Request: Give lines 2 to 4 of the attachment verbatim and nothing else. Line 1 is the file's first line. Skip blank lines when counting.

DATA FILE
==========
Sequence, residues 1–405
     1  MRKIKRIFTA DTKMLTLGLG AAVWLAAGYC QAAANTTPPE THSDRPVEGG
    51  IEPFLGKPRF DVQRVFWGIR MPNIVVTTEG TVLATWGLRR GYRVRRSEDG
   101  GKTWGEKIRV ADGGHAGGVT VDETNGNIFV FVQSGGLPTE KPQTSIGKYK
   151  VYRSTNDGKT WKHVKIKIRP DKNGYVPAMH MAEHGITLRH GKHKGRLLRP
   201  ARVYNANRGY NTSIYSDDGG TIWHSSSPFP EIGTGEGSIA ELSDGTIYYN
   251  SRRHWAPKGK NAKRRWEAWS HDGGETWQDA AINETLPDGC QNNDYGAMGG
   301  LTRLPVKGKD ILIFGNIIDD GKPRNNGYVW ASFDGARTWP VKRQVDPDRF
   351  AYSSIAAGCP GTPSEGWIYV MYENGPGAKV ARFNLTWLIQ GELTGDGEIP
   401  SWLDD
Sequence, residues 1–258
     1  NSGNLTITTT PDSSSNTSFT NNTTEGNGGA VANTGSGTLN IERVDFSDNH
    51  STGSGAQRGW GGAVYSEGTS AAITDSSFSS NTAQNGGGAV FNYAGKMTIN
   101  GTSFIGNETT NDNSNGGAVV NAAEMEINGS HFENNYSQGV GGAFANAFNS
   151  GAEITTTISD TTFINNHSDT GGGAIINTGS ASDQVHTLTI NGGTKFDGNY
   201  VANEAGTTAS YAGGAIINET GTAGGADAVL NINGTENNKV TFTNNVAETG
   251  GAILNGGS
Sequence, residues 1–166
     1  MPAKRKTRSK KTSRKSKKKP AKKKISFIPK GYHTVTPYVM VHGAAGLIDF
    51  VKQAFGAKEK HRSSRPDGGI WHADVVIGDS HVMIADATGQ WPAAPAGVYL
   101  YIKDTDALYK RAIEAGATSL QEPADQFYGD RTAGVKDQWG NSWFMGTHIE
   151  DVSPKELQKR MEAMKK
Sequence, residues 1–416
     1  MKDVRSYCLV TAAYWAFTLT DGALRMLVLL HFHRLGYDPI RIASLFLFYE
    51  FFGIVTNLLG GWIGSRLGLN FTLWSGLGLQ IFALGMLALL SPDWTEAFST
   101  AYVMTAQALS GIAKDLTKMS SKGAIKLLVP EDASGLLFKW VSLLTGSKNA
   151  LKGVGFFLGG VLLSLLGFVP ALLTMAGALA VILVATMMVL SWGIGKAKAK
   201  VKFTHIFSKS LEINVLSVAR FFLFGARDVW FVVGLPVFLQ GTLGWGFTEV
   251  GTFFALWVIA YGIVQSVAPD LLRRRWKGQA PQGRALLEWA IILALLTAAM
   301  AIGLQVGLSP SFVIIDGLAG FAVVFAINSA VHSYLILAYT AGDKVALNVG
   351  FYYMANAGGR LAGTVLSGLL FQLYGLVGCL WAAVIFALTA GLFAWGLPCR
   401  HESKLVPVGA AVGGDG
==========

     1  MRKIKRIFTA DTKMLTLGLG AAVWLAAGYC QAAANTTPPE THSDRPVEGG
    51  IEPFLGKPRF DVQRVFWGIR MPNIVVTTEG TVLATWGLRR GYRVRRSEDG
   101  GKTWGEKIRV ADGGHAGGVT VDETNGNIFV FVQSGGLPTE KPQTSIGKYK